Woman Pastors

The final issues when it comes to church government relates to women in pastoral ministry.  According to the scriptures, the teaching and leading role in the church is reserved for men, not because they are superior in value but rather because God made men and women different in roles both in the home and in the church (1 Tim. 2:11-14, 1 Cor. 14:33-3 1 Tim. 3:1-7, Titus 1:5-9, Eph. 5:25-33).   This practice is rooted in creation as is made clear in 1 Timothy 2:11-14, not in culture or preference. As the text says

“Let a woman learn quietly with all submissiveness. I do not permit a woman to teach or to exercise authority over a man; rather, she is to remain quiet. For Adam was formed first, then Eve; and Adam was not deceived, but the woman was deceived and became a transgressor.” (1 Ti 2:11–14)

Notice the reason that Paul gives here. “For Adam was formed first, then Eve”. This makes clear that Gender roles are not a result of the fall but are rooted in the goodness of God’s creation and in the wisdom of God in creating Man in Woman as equal is worth but different in function.  Furthermore, Paul points to the fall as another basis for gender roles as he says “and Adam was not deceived, but the woman was deceived and became a transgressor”.  This is by no means saying that the woman was gullible and the man was not.  Paul is pointing out that the serpent did not go to the man and try to deceive him.  Rather the serpent usurps God’s good creation order and goes to the woman who is the helper (Gen. 2:20), instead of the man who was called to protect and lead.

I hope this article go your mind thinking about the way God intends his churches to be ordered.  We should be thankful for God’s clarity on this issues and be zealous about patiently bringing purity to the church in this area.

If you are interested in reading more about this issue, check out this book of Church Government that I recommend.  Also check out these books below:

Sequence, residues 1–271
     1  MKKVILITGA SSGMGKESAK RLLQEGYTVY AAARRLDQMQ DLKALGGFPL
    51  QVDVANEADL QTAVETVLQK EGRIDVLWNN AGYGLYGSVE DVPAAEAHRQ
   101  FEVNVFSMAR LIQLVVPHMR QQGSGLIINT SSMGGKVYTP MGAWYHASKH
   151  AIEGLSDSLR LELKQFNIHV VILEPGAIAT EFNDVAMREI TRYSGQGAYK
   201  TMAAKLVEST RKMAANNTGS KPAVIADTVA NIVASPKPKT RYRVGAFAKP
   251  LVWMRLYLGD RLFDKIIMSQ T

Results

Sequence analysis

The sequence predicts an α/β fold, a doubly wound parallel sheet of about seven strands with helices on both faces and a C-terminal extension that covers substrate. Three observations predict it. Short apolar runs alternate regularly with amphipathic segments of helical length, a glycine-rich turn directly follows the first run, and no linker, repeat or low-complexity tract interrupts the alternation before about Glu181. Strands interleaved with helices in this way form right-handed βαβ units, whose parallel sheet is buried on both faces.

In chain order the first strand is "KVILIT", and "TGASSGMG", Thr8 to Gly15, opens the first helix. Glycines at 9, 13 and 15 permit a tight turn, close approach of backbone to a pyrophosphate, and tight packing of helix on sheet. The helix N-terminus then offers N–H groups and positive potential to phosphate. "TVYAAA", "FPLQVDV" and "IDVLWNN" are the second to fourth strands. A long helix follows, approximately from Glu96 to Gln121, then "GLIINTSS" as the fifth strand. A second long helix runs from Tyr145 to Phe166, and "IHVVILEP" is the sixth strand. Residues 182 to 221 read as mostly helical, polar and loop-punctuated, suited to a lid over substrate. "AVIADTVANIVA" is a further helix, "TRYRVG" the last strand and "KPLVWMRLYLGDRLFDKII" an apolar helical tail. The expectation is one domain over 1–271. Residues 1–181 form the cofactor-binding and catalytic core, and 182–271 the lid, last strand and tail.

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Gay Marriage and the End of the World (As we Know it)

The news is out: the Supreme Court around 10 am on Friday June 26 declared gay marriage a constitutional right.[1]  This decision has been much anticipated and will go down in history as the Roe v. Wade of marriage.  Though the outcome was largely expected, many are being caught by surprise considering the rapid pace of the cultural shift leading up to this massive decision.  It was not that long ago (2008) that Barack Obama won his first presidential election opposed to same sex marriage.  It was not until April of this year that Hillary Clinton herself changer her position of gay marriage as being a constitutional right [2] having first retracted her opposition to gay relationships even later than Obama in 2013.[3] (most Republicans will follow soon enough).  We should not panic, as far as I know it is not the literal end of the world, but things are changing and we must be prepared for what is ahead by being informed knowing how we should react and interact.

Be Informed